Capitol Police special agents responsible for vetting threats against members of Congress are inundated, leaving some investigations delayed for months and not enough time to monitor all the people they determine to be potentially dangerous.
An increase in recent years in the number of cases — which include threats and other concerning statements made against members, their families and staff — coincides with several high-profile attacks near the Capitol or at offices and residences.
Chief J. Thomas Manger has called for more funding for the department’s Threat Assessment Section that he described in July as stretched to capacity, and agents in that group described for CQ Roll Call why more staffing is needed.
“There is no possible way to keep up with the caseload,” said one of the agents, who spoke on a condition of anonymity because they are not authorized to communicate with the media.
Agents in that section carry an average annual caseload of nearly 500, the chief told lawmakers at a hearing this year, as threats against members have increased about 300 percent over the past seven years.
On a given day, an agent could get assigned five new cases. Some cases typically take between three to six hours to investigate, while others can take substantially more.
“It’s overwhelming, and the quality of the investigation can be lower,” another agent said.
The annual caseload should be closer to 100 per agent to conduct a thorough and comprehensive threat investigation, according to a department official, whose comments were included in an internal 2021 report that has not been made public.
Agents sort through stacks of threats and other concerning statements, which can be handwritten letters, emails, social media posts and voicemails. Supervisors determine the priority level and assign them.
Direct threats are investigated immediately, the agents said, along with the gravest and most pressing threats. But waves of other reports get examined only when agents have time to get to it.
Some agents have cases sitting on the backburner for months. Other less urgent cases are not investigated as thoroughly as agents would like. Agents don’t have time to keep tabs on some subjects after closing a case.
“Are you digging as deep as you can? Sometimes you can, sometimes you can’t,” an agent said. “Sometimes you can’t follow up after closing a case.”
Agents are tasked with finding out who made the threat and determining the level of risk a person poses, as well as monitoring and managing those who are deemed a danger.
“We don’t have the ability to monitor and manage properly,” an agent said.
Capitol Police sort investigations into types. Direction of interest cases involve an unusual expression of interest in any person or property under the Capitol Police’s jurisdiction. And threat cases involve a communication or action that shows clear or implied intent to cause harm.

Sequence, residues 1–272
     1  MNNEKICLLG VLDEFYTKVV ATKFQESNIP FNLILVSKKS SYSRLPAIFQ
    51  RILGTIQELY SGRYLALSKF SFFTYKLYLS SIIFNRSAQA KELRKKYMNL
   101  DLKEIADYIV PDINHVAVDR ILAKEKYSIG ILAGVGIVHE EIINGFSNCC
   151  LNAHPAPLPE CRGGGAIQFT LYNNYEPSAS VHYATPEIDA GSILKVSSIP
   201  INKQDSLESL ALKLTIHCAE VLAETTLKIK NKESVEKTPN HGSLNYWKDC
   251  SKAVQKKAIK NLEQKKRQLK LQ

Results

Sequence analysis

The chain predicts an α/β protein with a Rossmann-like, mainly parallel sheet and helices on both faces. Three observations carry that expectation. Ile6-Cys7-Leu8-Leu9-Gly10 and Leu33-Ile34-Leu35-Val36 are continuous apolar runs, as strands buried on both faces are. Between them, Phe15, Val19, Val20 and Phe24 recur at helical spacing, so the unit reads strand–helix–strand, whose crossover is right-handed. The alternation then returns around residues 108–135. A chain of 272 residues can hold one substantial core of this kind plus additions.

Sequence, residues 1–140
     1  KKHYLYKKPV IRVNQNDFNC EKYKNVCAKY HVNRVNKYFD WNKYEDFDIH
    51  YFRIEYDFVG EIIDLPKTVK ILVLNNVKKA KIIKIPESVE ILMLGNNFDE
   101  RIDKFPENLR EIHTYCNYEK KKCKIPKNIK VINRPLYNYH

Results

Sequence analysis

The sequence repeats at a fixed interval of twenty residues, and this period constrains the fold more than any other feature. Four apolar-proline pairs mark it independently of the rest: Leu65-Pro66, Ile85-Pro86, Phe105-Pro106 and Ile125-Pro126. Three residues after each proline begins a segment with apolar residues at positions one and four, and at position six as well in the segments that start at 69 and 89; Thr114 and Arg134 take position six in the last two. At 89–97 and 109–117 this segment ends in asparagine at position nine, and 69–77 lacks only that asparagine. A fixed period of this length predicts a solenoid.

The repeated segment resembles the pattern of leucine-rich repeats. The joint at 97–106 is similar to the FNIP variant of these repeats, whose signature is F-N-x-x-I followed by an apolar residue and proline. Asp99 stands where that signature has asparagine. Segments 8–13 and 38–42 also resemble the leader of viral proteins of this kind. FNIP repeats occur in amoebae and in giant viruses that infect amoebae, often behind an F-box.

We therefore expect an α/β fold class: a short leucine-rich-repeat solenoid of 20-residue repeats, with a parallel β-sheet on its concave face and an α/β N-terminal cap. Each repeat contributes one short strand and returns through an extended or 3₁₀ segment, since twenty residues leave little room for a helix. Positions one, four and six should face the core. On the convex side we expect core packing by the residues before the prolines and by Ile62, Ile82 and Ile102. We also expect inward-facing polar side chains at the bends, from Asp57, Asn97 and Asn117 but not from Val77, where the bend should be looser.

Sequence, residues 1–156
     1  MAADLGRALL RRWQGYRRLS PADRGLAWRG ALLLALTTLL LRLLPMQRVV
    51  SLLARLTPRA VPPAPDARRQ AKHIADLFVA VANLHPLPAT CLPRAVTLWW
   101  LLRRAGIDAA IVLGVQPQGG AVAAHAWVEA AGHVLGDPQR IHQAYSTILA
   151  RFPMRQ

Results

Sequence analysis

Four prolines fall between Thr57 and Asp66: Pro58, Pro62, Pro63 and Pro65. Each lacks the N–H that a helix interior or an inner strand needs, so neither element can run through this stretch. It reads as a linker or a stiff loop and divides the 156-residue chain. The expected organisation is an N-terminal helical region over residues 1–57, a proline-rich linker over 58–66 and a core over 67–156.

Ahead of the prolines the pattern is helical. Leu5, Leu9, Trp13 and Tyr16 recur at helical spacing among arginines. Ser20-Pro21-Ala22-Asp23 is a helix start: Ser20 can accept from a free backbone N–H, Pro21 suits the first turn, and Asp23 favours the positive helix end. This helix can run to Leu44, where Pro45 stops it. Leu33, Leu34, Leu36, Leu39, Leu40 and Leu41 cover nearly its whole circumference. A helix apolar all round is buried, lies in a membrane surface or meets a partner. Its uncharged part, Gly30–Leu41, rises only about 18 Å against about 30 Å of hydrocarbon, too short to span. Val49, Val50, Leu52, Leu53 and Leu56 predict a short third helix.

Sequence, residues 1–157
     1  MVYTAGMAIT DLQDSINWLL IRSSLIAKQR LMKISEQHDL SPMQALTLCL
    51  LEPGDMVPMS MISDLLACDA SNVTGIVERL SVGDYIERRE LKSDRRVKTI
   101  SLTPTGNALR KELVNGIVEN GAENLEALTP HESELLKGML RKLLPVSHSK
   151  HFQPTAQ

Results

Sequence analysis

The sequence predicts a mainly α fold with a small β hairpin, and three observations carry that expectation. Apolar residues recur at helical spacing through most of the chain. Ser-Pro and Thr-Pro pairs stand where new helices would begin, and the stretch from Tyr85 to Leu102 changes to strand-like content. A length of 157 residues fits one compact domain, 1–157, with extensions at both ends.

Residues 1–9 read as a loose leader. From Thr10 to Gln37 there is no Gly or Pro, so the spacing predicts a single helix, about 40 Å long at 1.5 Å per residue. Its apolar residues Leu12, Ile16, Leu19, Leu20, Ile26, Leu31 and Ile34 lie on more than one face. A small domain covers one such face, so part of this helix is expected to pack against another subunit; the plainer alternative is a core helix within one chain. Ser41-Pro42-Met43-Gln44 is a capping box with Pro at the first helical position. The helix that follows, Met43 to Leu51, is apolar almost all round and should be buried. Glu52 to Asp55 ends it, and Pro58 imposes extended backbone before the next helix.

Direction of interest cases take several hours depending on what facts are uncovered and what legwork is needed.
But when someone explicitly threatens a member with a statement such as, “I’m coming to kill you,” an agent, or agents, would be ordered to drop everything and run it down immediately.
Those investigations require more resources and time and sometimes travel. The process varies, but usually involves coordinating with local authorities and the FBI.
When an agent is done on a higher priority case, they go back to the pile of cases they have left. “If you’re working on one case, you know you have many more,” an agent said.
Cases are closed in various ways, such as a conviction in federal court or a referral to a mental health professional. Law enforcement could visit the house of a teenager who made a concerning post, where the teenager expresses contrition, and their parents take away their access to a particular social media account.
The staffing issue is not new, but the need has become more apparent.
The Capitol Police inspector general, in a 2021 report done as part of an extensive review after the Jan. 6, 2021, attack on the Capitol but not released publicly, flagged how increasing caseloads and staffing were among the greatest challenges for the Threat Assessment Section.
The inspector general recommendations included the hiring of more threat assessment agents, as “more resources are needed to keep up with the demand without sacrificing quality.” At the time, there were 30 threat assessment agents and one investigative analyst in the section.
Now, there are roughly 32 threat assessment agents, according to Jason Bell, the acting assistant chief of police for protective and intelligence operations. Capitol Police headquarters has around 24 agents, regional offices in Tampa, Fla., and San Francisco have two each, and others are posted on task forces with the FBI and Secret Service.
The department works the cases it can but often relies on the FBI and local law enforcement to conduct interviews, welfare checks and mental health evaluations.
Then, if the case warrants it, the FBI, Capitol Police or a local law enforcement agency will present the findings to prosecutors.
“It’s discouraging to have to pass cases off to another agency because the Capitol Police lacks the resources to handle it,” an agent said.
In fiscal 2023, the department requested 10 additional threat assessment agents at a cost of over $536,000 as part of a budget increase, according to an agency budget document that is not public.